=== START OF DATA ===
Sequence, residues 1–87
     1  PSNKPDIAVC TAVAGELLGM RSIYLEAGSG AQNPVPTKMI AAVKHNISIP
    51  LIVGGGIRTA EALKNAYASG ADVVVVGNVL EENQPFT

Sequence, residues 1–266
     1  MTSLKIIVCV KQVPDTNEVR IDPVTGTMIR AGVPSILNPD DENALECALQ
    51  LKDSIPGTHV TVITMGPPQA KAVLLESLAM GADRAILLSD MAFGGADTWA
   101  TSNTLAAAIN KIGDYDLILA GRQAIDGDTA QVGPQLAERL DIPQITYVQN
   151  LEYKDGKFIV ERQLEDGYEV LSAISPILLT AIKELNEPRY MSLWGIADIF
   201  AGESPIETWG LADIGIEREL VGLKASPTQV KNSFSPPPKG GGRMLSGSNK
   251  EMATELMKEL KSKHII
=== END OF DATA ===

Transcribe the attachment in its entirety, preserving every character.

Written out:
Sequence, residues 1–87
     1  PSNKPDIAVC TAVAGELLGM RSIYLEAGSG AQNPVPTKMI AAVKHNISIP
    51  LIVGGGIRTA EALKNAYASG ADVVVVGNVL EENQPFT

Sequence, residues 1–266
     1  MTSLKIIVCV KQVPDTNEVR IDPVTGTMIR AGVPSILNPD DENALECALQ
    51  LKDSIPGTHV TVITMGPPQA KAVLLESLAM GADRAILLSD MAFGGADTWA
   101  TSNTLAAAIN KIGDYDLILA GRQAIDGDTA QVGPQLAERL DIPQITYVQN
   151  LEYKDGKFIV ERQLEDGYEV LSAISPILLT AIKELNEPRY MSLWGIADIF
   201  AGESPIETWG LADIGIEREL VGLKASPTQV KNSFSPPPKG GGRMLSGSNK
   251  EMATELMKEL KSKHII